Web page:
Weeks before he passed, we watched how quickly his health deteriorated. He had to wear diapers because he no longer had control of his bladder, he couldn’t finish his food, couldn’t get up from the bed on his own, and he was always quiet ’cause talking alone took so much effort.
In 2007, on the night of October 31st, he complained that he couldn’t pee and that it was hurting him. He didn’t want to go to the hospital but I knew I had to take action. When I told him he really needed to see a doctor he no longer refused.
We rushed him to San Lazaro Hospital in the middle of the night. I remember the darkness, the street lights, and the barren roads. I remember liking the unknown song that was playing inside the cab. I remember keeping my fear at bay, convincing myself that everything will be fine.
In the hospital, people seemed to be always taking their time. We had to wait to be attended by one of the staff, we waited before we were given a wheelchair, we waited as they deliberated which part of the hospital my brother should go, we waited to be attended by the doctor, we waited for the result of the medical tests, and we waited to hear the doctor’s decision. I don’t know how I managed to stay awake when my body was just about to give in from exhaustion. I longed for the comforts of my bed, wanting so bad to sleep it all off. But I hang on and kept these thoughts to myself. Indeed, it was the longest night of my life and to this day I’m not quite sure how I got through it.
It wasn’t until 6:00 in the morning that the doctor decided to confine my brother for further observation. At 8:00 a.m. he was transferred from the ER to ICU. The look on the faces of the people at the ICU was more than I could bear. It was like they were wise to me over something that I couldn’t or wouldn’t see. Had I known that it was his last day I wouldn’t have gone home to catch some zzs. It is one of the biggest regrets of my life. I was in denial that Charles was leaving us; I honestly didn’t see it coming.
That afternoon I returned to the hospital and had my heart broken. The look on Tita Blanca’s face gave it all away. I knew even before I reached Charles’s room that something went terribly wrong. When I got there I saw the doctors and nurses surrounding my brother’s bed, trying their damnedest to revive him. My heart was gripped in terror. I remember praying like I never did before and made all kinds of bargaining with the Lord just so he would spare my brother’s life.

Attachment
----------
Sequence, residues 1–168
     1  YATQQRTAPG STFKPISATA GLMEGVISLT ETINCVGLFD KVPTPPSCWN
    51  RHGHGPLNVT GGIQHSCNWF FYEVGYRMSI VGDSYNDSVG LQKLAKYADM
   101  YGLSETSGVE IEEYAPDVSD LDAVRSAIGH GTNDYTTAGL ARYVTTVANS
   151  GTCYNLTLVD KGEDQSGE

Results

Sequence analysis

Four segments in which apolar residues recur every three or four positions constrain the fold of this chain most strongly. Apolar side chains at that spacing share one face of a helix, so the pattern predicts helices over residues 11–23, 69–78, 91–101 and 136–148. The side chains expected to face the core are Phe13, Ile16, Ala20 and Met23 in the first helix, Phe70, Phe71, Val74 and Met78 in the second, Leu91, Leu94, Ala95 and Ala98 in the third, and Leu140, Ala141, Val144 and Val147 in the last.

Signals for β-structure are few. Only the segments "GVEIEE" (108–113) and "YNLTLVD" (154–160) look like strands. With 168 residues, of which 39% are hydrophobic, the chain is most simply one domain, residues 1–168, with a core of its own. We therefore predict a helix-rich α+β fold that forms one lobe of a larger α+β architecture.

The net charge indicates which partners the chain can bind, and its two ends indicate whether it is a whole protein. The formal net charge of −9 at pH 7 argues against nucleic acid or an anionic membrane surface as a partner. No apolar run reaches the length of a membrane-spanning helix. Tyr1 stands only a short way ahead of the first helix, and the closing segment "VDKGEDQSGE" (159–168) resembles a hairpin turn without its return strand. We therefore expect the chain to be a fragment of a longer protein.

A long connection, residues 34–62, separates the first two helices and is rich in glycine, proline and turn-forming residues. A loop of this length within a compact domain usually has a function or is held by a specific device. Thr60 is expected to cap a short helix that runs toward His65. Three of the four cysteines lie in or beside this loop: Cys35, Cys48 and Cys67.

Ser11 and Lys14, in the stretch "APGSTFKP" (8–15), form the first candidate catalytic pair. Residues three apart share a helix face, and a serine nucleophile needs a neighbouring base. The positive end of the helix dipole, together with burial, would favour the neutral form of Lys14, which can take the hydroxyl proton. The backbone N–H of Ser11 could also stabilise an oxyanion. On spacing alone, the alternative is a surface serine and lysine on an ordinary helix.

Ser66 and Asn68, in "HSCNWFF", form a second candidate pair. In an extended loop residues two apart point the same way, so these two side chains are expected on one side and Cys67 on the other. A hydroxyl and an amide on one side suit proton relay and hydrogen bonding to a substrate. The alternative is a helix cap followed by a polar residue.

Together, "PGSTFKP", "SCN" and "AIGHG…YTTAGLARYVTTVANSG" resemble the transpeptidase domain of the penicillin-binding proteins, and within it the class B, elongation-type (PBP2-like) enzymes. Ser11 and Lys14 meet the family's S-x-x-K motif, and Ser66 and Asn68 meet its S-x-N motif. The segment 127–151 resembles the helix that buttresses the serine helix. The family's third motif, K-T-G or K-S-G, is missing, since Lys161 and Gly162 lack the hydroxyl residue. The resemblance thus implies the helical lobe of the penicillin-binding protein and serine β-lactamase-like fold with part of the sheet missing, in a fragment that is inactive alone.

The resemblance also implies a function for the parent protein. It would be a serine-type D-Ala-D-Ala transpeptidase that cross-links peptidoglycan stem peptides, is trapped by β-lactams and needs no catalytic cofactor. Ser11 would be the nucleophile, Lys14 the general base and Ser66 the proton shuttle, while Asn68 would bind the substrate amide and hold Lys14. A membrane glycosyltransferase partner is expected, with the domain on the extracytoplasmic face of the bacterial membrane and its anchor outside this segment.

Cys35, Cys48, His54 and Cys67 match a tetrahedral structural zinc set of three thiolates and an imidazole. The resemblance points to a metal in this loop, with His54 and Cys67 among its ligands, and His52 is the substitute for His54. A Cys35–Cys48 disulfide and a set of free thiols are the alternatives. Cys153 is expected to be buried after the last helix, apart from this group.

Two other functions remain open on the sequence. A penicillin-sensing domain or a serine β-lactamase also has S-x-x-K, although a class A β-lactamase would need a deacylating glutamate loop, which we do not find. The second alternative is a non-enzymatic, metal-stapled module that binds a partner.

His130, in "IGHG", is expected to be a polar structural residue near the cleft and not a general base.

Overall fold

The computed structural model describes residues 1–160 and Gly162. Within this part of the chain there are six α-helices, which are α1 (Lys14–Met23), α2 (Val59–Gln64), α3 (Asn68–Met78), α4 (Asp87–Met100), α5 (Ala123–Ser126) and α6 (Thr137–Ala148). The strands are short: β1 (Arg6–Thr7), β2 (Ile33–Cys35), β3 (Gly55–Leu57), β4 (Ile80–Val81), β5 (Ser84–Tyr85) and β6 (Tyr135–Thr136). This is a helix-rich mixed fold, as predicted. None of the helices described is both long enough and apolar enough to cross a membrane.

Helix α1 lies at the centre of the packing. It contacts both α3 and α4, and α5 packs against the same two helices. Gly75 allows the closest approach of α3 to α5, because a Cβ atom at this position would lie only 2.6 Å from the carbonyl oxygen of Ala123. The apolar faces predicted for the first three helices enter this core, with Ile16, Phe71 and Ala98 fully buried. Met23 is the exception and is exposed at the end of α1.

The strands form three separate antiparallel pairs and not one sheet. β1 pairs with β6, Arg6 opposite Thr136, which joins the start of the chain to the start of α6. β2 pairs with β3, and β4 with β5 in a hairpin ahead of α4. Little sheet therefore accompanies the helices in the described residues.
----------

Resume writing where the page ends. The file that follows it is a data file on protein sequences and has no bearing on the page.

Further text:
I hoped, prayed, cried, and waited. Finally, the doctors started backing away from the bed with a look of regret on their faces. Slowly, I approached his bed, held his hand, and saw traces of tears on his cheeks. Then it hit me; the boy I took care of when he was just a baby, the one who loved Aerosmith, the one who used to call me “Ate” (big sister) was gone. Anguish sets in; the pain was so great it knocked the air out of me.
It made me realize how inconsiderate and disrespectful death is. It doesn’t care about your age, status in life, or how nice you have been to your neighbors. It doesn’t care if you still have dreams that you want to pursue, if you’re in love with someone, or if you are yet to finish school. When it comes, you’re done, that’s it… no stop button, no pause, no rewind.
Charles’s death reminded me of my own mortality and in the process, forced me to appreciate life. In his short time on earth, Charles lived his life the best way he knew. He made lots of friends, had big dreams, and found happiness even in the littlest of things. Indeed he had so much gratefulness in his heart and never stopped dreaming. Yes, even when he was terribly sick he always asked me if he could take up Fine Arts in college. I always answered “yes.”